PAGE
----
The situation felt grim. Danger was ever-present: Lyon ripped them across, Steve O’Keefe round-armed them in, Josh Hazlwood hurled it in and Mitch Starc would almost sling it at them. Luckily, for India, the duo shut out the blues, and stitched together a remarkable partnership. It was remarkable because they adapted to the match situation, to their own mistakes, to the Australians closing in on them, and effected a jailbreak.
The intent was the key: to not just survive but score, look busy, run for the partner, rotate the strike, tap, push, nurdle, flick, punch, sweep and keep talking to each other. Both looked really secure against the pacemen — especially after the Aussie pacers shifted their line of attack from the lbw-honing stumps line to around-off-and-outside line. It still took great skill and focus but they rose to the challenge. The interesting battle was with the spinners.
Once the intent sets the tone, the technique comes in. Pujara was the first to show the way. As soon as he came in, he stood more upright in the stance, his bat didn’t hover as close to the ground as before, and he could trust his defence a lot more. The rest of the game was rock solid as ever — the feet took him forward and back, the soft hands allowed him to counter the extra bounce or turn, the mind allowed him to focus hard and long and take the bat and gloves out of the way on those occasions when Lyon got both turn and bounce and had the ball kicking into his ribcage. The close-in fielders ooh-ed and aah-ed when they weren’t yapping at him, but he ignored them.
Once he realised that the pitch wasn’t as hard as the first two days, and Lyon wasn’t getting alarming bounce consistently and was seen using side-spin more, he relaxed his upright stance and started to get lower with his hands. The feet constantly roamed about and he almost looked like VVS Laxman out there — batting in a crisis as if there was no crisis.
Rahane’s knock was tougher and deserves high praise. Only because of the context of his recent past: He has got locked inside the crease, looked miserable outside it, body locked in awkward positions, but this was a triumph of will. With more than a little bit of help from the technique.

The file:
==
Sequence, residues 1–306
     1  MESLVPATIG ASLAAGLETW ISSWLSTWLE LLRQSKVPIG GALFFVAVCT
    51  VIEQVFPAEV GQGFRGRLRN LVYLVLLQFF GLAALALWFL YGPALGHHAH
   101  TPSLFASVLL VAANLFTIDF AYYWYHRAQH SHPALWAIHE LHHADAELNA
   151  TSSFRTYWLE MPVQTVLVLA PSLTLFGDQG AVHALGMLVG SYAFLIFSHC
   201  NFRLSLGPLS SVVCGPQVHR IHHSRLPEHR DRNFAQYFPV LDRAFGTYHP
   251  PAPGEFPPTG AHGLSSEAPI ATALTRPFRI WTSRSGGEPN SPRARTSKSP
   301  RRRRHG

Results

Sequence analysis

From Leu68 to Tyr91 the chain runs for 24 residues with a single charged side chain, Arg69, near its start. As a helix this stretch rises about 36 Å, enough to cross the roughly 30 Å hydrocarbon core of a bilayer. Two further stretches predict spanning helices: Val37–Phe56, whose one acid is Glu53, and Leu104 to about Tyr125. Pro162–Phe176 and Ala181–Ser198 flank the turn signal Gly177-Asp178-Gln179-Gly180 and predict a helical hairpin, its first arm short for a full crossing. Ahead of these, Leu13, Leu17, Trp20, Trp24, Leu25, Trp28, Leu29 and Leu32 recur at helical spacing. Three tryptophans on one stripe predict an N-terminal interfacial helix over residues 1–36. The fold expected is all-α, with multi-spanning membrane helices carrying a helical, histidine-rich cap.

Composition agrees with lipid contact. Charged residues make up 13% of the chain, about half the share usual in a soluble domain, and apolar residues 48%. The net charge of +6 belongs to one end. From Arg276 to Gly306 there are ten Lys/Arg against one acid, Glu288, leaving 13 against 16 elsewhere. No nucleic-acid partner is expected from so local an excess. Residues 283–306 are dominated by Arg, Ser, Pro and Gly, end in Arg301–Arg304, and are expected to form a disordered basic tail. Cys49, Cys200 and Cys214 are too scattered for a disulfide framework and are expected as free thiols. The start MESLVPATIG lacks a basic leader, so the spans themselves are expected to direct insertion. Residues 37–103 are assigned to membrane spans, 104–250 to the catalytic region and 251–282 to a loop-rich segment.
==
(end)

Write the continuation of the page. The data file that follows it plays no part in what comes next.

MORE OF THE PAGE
For starters, there was this interesting tendency to play the turning offbreak to the off side when defending even when the ball was on leg or outside it. He didn’t want to shut the bat-face early, instead he would get his bat in front of the pad, turn it towards the line of the ball, offer the full bat-face and tap it to the off. It wouldn’t have come easily for him; we have seen Mohammad Azharuddin and Javed Miandad do it before — they of course would dare to use it to get runs to scatter the field away — but Rahane was managing to defend using it.
He also brought out the sweep shot a lot more, at times pulling out of it to defend as the bowlers got wiser to it and started bowling fuller. Which helped him, as he then began to work them into angles to rotate the strike.
He even started taking stance around off stump on occasions to Lyon, especially after he got in a few tangles with the ripping off break. It allowed him to manoeuvre the ball easily — (relatively, that is) —through the gap between short-leg and backward short-leg.
Above all, it was a test of character, gumption, and guts — and both could be proud of what they did on Monday. But India needs them to do it all over again today. Who said Test cricket was easy?